Title: Grand Kingdom

Platform: PS4, PS Vita

Reviewed on: PS4

Genre: JRPG, Strategy

Players: Single player



Written by Whistler 21st August 2016






















A constant struggle for any genre is the strive for innovation while not stretching so far out of the standards expected and of course, to be enjoyable.

Grand Kingdom by Spike Chunsoft and Monochrome Corp is one such title that feels like it’s trying to reinvent the wheel without putting much forethought into that last essential ingredient to the concoction. But is it a solid title that just isn’t my cup of tea or does the issue lie on a more fundamental level?


Grand Kingdom is a strategic JRPG that sees you taking command of your own mercenary troupe that joins the guild and must now pave a path to glory and fortune. To do this you’ll need to recruit and train several skilled warriors and plan your conquest as you fight on behalf of four major empires: Landerth, Valkyr, Fiel and Magion. However while there was so much potential for a big open story involving the four kingdoms, the scope is instead scaled so far down it’s barely footnote worthy. Each of the nations represent certain philosophies and the player can later visit their capitals and check on what their citizens have to say. However none of these factions play any kind of factor in the singleplayer campaign. Instead the voiceless player is accompanied by a bunch of incredibly uninteresting characters as they speak for you, and at you. This is by far the weakest element in Grand Kingdom’s set up, and while not being the star of the show is nothing new (and can be just as effective) it instead just removes you from any investment.

























At it’s core, Grand Kingdom functions around putting together and maintaining your mercenary band while you take on various quests.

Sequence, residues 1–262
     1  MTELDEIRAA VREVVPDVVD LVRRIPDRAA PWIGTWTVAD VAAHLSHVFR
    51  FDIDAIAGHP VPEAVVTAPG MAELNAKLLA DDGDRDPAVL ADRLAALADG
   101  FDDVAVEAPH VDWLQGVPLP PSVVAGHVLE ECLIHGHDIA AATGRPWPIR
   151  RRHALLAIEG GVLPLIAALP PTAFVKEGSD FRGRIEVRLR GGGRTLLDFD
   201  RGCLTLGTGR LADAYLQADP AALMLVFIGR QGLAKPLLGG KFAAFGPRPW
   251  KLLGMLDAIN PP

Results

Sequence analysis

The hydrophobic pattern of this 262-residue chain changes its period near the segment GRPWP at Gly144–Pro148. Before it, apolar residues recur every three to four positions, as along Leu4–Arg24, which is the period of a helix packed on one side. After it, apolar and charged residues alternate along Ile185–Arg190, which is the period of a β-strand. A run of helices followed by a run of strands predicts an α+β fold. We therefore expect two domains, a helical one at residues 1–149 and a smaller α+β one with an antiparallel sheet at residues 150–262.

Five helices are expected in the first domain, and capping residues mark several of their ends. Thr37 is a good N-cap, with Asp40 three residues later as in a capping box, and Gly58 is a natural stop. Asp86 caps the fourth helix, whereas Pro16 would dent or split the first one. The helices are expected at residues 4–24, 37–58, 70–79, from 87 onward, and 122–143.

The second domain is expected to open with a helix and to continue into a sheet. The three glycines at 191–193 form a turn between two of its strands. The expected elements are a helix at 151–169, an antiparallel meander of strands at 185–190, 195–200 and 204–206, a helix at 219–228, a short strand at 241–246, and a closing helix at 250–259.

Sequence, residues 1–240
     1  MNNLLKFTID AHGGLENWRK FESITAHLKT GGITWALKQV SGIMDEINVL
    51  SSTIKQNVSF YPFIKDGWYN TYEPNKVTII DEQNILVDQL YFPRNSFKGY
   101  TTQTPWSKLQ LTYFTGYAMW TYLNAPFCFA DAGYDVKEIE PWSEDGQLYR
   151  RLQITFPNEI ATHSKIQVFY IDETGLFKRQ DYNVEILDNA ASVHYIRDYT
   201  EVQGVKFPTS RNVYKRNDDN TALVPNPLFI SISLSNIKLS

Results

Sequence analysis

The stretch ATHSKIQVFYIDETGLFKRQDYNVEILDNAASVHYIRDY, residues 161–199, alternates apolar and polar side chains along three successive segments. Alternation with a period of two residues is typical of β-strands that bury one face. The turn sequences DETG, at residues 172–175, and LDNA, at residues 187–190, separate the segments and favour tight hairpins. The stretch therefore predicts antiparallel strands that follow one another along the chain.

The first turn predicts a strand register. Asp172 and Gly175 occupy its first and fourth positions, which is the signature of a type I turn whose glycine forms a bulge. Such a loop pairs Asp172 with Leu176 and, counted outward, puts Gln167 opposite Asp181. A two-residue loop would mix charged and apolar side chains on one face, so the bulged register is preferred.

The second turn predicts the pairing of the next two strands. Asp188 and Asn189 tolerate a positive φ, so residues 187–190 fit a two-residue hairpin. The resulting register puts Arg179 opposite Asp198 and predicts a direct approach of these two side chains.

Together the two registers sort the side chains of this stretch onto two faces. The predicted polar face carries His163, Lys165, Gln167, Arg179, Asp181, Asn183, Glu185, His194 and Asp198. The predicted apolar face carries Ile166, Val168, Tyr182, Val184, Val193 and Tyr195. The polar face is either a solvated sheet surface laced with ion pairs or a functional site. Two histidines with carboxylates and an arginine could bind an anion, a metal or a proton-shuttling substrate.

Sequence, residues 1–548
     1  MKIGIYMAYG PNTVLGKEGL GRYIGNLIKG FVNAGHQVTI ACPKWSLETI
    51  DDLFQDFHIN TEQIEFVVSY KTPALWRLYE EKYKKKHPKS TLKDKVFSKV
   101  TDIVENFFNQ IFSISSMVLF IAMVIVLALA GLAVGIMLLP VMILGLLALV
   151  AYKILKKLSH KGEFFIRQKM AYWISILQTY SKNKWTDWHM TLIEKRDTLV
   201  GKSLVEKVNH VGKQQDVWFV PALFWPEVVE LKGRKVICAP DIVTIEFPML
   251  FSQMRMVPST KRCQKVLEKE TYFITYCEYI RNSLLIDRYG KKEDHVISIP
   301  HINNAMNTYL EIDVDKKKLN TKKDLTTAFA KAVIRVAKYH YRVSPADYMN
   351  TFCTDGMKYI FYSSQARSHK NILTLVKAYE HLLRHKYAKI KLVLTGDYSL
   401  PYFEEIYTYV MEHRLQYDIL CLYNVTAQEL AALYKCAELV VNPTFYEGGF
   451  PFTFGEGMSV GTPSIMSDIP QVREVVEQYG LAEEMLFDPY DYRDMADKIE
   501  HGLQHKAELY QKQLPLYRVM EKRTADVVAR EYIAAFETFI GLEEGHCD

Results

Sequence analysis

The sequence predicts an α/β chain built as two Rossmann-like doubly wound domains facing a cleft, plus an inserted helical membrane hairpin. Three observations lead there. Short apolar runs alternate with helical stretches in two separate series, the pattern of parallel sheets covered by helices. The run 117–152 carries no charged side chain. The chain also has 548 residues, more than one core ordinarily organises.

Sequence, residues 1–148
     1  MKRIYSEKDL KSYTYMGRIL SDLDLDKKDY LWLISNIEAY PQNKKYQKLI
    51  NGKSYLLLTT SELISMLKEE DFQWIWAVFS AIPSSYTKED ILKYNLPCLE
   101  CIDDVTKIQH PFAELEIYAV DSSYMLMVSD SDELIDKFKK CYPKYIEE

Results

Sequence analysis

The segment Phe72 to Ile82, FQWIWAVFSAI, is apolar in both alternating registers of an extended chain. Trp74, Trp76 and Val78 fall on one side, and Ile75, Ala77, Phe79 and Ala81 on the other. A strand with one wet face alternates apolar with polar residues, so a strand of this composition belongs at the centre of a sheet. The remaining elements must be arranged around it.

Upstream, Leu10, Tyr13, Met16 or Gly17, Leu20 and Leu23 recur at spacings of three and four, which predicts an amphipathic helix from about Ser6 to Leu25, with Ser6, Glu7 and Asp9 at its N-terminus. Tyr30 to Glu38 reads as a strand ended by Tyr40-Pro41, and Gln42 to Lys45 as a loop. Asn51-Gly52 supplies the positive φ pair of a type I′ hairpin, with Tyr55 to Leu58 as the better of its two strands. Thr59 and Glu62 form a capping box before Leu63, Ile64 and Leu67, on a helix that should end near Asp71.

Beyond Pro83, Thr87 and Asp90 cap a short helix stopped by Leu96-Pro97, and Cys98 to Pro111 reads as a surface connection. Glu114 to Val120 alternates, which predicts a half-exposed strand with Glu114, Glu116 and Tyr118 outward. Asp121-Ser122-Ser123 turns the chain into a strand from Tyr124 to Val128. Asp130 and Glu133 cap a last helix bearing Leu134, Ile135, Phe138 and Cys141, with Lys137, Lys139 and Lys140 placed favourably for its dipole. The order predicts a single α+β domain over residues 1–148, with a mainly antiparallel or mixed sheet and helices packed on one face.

One you set out on a mission you’re taken to a board game style map where you’ll be given a set amount of moves to reach your goal. Often you’ll find yourself struck with the difficult choice of tackling enemy troops head on or to take detours for picking up loot. When your piece occupies the same spot as an enemy’s you’ll enter combat. Played from a 2D perspective your mercs will go up against enemy bands on three horizontal lanes. Operating on a pseudo turn based combat system, mercenaries each take it in turn to freely move left, right, up and down, consuming the character’s movement gauge.

When melee attacks are performed you can chain together combos from a interchangeable moves list; a button will pop up onscreen which if pressed as they flash white allows you to perform a Just Cancel. Successfully pulling off these split moment button presses will jump you straight into the next animation and granting a damage bonus. On the other end of the spectrum, ranged attacks have to be timed to make sure you hit the target when the moving reticule lines up. These small implementations do help in stopping the combat from becoming a snoozefest. Friendly fire needs to be kept in consideration also as ranged attacks have arcs and you can easily end up setting your companions on fire along with the enemy.